Please use this identifier to cite or link to this item: http://hdl.handle.net/2381/40129
Title: Modelling Share Prices as a Random Walk on a Markov Chain
Authors: Samci Karadeniz, Rukiye
Supervisors: Utev, Sergey
Petrovskiy, Sergei
Award date: 31-Jul-2017
Presented at: University of Leicester
Abstract: In the financial area, a simple but also realistic means of modelling real data is very important. Several approaches are considered to model and analyse the data presented herein. We start by considering a random walk on an additive functional of a discrete time Markov chain perturbed by Gaussian noise as a model for the data as working with a continuous time model is more convenient for option prices. Therefore, we consider the renowned (and open) embedding problem for Markov chains: not every discrete time Markov chain has an underlying continuous time Markov chain. One of the main goals of this research is to analyse whether the discrete time model permits extension or embedding to the continuous time model. In addition, the volatility of share price data is estimated and analysed by the same procedure as for share price processes. This part of the research is an extensive case study on the embedding problem for financial data and its volatility. Another approach to modelling share price data is to consider a random walk on the lamplighter group. Specifically, we model data as a Markov chain with a hidden random walk on the lamplighter group Z3 and on the tensor product of groups Z2 ⊗ Z2. The lamplighter group has a specific structure where the hidden information is actually explicit. We assume that the positions of the lamplighters are known, but we do not know the status of the lamps. This is referred to as a hidden random walk on the lamplighter group. A biased random walk is constructed to fit the data. Monte Carlo simulations are used to find the best fit for smallest trace norm difference of the transition matrices for the tensor product of the original transition matrices from the (appropriately split) data. In addition, splitting data is a key method for both our first and second models. The tensor product structure comes from the split of the data. This requires us to deal with the missing data. We apply a variety of statistical techniques such as Expectation- Maximization Algorithm and Machine Learning Algorithm (C4.5). In this work we also analyse the quantum data and compute option prices for the binomial model via quantum data.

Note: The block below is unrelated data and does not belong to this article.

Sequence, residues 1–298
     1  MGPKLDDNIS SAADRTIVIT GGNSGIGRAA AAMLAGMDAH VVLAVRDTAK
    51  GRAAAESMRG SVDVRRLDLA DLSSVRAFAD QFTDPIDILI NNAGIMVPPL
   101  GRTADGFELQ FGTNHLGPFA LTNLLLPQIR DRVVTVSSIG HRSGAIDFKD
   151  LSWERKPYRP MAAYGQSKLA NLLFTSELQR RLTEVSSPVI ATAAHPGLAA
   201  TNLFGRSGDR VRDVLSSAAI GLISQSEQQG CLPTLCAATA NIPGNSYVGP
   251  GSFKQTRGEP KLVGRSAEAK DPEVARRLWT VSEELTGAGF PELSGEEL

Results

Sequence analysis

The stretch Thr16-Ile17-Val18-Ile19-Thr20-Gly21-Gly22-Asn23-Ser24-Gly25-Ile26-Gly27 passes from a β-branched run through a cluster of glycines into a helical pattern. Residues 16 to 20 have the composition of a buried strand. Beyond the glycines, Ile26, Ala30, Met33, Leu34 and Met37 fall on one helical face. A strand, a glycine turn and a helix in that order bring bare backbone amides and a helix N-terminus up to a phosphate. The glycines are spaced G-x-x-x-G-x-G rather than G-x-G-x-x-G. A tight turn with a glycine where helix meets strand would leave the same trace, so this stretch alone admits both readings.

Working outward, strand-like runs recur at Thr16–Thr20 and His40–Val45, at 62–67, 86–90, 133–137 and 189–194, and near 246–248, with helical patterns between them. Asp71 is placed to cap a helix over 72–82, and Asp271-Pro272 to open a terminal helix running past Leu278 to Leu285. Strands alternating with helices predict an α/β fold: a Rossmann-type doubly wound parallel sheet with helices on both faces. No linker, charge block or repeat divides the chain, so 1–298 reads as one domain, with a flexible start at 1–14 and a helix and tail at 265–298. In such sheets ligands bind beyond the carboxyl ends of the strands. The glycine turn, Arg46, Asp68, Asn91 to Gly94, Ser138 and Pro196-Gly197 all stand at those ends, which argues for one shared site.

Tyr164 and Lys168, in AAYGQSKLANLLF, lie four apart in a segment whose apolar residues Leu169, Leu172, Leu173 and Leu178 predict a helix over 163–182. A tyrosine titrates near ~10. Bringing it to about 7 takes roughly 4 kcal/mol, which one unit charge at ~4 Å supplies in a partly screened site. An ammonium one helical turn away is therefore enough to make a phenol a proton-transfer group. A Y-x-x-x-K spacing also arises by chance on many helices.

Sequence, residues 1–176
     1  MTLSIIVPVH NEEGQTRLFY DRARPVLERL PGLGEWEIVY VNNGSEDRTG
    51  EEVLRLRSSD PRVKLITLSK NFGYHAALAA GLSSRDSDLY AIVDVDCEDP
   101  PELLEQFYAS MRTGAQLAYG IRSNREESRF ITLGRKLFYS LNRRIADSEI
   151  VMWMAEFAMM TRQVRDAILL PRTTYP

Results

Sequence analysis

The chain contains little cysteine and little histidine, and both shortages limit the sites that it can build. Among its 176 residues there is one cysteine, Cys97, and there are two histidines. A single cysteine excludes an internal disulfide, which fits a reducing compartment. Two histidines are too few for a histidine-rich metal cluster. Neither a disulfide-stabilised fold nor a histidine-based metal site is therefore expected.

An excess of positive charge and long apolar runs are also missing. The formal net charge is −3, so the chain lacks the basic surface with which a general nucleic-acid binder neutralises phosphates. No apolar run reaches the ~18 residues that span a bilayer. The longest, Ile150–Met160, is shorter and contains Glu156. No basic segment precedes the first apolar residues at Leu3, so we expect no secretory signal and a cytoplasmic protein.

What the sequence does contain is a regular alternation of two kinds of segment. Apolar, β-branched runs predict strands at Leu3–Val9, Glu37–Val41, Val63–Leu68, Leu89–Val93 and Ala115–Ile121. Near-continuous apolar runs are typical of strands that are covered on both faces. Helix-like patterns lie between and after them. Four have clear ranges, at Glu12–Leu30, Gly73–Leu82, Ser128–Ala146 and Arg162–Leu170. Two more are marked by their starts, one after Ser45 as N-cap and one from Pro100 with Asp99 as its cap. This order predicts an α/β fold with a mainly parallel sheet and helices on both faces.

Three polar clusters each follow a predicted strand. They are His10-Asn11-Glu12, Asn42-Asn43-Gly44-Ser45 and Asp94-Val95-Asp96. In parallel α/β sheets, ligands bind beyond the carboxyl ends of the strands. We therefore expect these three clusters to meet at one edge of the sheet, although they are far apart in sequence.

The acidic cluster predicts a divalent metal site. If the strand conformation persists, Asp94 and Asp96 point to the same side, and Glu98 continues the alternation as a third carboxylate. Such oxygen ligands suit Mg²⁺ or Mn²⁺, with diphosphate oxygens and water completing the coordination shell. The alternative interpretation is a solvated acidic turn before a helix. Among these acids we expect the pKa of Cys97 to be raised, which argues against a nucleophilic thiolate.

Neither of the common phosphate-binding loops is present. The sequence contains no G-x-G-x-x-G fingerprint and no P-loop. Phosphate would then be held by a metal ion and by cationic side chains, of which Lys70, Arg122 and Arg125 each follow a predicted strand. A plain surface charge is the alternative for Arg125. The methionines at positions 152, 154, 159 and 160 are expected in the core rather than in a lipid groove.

Links: http://hdl.handle.net/2381/40129
Type: Thesis
Level: Doctoral
Qualification: PhD
Rights: Copyright © the author. All rights reserved.
Appears in Collections:Leicester Theses
Theses, Dept. of Mathematics

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